When you see something you like in a real, physical store, stop. Whip out your iPhone and fire up the RedLaser app (99 cents). It's one of several available consumer-goods barcode scanner apps, in my opinion the best. It'll find the item you're looking for and what it's selling for online, as well as try to find it in other brick-and-mortar stores nearby (with mixed results). Bonuses: when you scan a book, it'll find it in a library; when you scan food items, it'll list allergens in it. It's also got the best UPC entry keypad for when the barcode scanner doesn't work, which is often if you're using an iPhone model other than the 3GS.

Also of note for buy-local types: the Milo local search engine, which I covered in last December. It's weeks away from getting its own mobile app and service, company reps told me.

The coupon site
The Web is awash in coupon deals on various products. And like the price-checking tools, there are several good sites that will help you find these deals. I currently recommend RetailMeNot. It has a healthy collection of coupon codes from around the Web and a good community of users that rate each code as usable or not.

The hybrids
FatWallet is also worth a look. It has community feedback on low-price deals as well as on coupons, and if you join the service you can earn cash-back awards from various retailers.

The most interesting price-finding site, to me, is Bountii. It combines standard pricing data (which it gets from data feeds, like other price-comparison sites) with the low prices on items you can only get when you add an item to your shopping cart. (It has more cart-only prices than InvisibleHand, but it's worth noting that its prices are not real-time, as InvisibleHand's are.) It also calculates the cash-back prices you might get on an item if you buy through Bing, or FatWallet, or through various credit cards with rewards programs. If you join the site's community and find a new low price on an item for which there is a "Price Hunt" on, you get both cash rewards (a few bucks, paid to you instantly via PayPal) and points which may be redeemable for some other benefits later.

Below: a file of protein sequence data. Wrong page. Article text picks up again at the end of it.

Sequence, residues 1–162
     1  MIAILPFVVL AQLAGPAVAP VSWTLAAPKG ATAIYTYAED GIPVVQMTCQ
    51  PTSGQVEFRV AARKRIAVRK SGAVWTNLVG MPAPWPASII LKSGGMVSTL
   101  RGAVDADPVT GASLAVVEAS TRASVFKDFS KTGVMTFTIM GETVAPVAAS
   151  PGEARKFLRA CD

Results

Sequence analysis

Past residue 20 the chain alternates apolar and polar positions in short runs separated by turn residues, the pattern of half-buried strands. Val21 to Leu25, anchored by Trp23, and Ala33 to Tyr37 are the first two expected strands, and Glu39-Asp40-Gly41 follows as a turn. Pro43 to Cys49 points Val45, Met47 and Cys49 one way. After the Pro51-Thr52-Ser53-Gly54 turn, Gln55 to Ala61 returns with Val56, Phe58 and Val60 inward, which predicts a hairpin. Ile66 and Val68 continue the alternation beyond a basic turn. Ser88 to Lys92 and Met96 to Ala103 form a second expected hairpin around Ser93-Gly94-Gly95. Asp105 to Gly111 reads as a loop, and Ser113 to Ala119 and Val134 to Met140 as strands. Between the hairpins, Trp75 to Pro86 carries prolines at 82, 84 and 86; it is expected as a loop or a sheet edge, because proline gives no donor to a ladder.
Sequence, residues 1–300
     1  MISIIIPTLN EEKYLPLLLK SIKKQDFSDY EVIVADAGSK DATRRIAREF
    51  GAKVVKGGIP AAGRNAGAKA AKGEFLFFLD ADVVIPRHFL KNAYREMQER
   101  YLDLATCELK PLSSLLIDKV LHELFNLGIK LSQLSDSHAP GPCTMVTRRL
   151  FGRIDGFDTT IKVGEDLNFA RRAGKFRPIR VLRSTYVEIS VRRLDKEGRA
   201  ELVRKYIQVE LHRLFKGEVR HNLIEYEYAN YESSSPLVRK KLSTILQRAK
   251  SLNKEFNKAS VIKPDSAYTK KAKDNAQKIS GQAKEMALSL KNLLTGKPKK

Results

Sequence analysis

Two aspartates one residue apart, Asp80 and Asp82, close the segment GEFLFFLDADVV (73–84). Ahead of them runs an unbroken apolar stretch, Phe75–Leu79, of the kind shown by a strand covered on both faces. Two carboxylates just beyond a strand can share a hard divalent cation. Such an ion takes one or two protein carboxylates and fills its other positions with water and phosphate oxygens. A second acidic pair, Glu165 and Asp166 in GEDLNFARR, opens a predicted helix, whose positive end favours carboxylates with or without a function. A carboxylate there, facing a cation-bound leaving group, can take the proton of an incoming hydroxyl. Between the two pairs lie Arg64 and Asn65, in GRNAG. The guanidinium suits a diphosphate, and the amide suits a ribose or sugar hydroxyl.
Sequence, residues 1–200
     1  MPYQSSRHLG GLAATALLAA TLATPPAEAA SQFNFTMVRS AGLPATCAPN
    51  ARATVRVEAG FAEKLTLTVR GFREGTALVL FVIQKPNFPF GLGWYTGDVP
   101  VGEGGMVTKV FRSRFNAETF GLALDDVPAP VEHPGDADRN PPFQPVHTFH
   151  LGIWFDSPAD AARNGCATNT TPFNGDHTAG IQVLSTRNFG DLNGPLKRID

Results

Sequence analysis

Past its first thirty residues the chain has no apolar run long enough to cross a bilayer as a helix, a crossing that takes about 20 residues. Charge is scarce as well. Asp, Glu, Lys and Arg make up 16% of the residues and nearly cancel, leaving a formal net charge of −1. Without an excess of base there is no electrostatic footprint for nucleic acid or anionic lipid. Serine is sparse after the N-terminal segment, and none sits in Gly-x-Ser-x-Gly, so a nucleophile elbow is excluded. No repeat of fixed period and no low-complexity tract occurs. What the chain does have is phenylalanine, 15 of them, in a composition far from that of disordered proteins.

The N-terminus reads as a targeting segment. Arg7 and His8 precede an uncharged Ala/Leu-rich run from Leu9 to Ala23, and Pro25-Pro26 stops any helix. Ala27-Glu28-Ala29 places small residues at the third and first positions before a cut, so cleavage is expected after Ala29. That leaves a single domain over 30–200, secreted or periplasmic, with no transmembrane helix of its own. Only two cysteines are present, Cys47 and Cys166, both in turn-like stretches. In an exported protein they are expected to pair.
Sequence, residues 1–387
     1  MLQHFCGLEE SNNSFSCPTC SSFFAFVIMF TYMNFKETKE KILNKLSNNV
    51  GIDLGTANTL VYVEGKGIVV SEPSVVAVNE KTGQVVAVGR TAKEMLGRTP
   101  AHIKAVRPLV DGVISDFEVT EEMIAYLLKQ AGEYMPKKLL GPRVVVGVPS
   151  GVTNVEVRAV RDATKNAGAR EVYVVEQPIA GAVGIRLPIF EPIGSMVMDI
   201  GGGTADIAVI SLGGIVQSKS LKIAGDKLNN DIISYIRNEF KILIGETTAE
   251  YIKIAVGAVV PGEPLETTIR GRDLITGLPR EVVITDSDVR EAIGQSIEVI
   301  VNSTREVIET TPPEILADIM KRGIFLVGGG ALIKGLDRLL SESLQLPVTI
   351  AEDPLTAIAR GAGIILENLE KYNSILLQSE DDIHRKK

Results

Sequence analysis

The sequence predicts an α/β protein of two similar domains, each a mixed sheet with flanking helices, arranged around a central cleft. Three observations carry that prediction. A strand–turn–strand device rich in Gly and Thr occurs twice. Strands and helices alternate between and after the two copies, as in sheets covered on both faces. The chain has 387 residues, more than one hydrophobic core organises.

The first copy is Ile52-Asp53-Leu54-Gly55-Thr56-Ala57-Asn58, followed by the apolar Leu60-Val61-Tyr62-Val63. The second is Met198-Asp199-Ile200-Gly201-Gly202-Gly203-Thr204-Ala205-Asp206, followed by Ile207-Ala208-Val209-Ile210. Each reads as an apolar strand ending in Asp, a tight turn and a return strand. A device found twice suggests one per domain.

Bountii helps you figure out which rewards or cashback program to use.

Bountii does the best job of cutting through the clutter of the multiple conflicting offers a store might have on a single item. Note that Bountii only displays results from stores that are manufacturer-authorized to sell the products listed, so it may not show you the lowest prices from stores you've never heard of, but everything you'll see will be legit.

The old-fashion way
When in doubt, call the store. For many tech products (and especially for service-based products like wireless or content subscriptions), you may be able to get a substantially lower price if you simply ask a sales rep if they have current deals or promotions, or just if they're willing to cut you a deal to make a sale. Remember, it's their job to sell, not have you go somewhere else. Or look at it this way: by giving the sales rep a chance to make you a deal, you're not only saving money, you're helping them do their job. Everybody wins.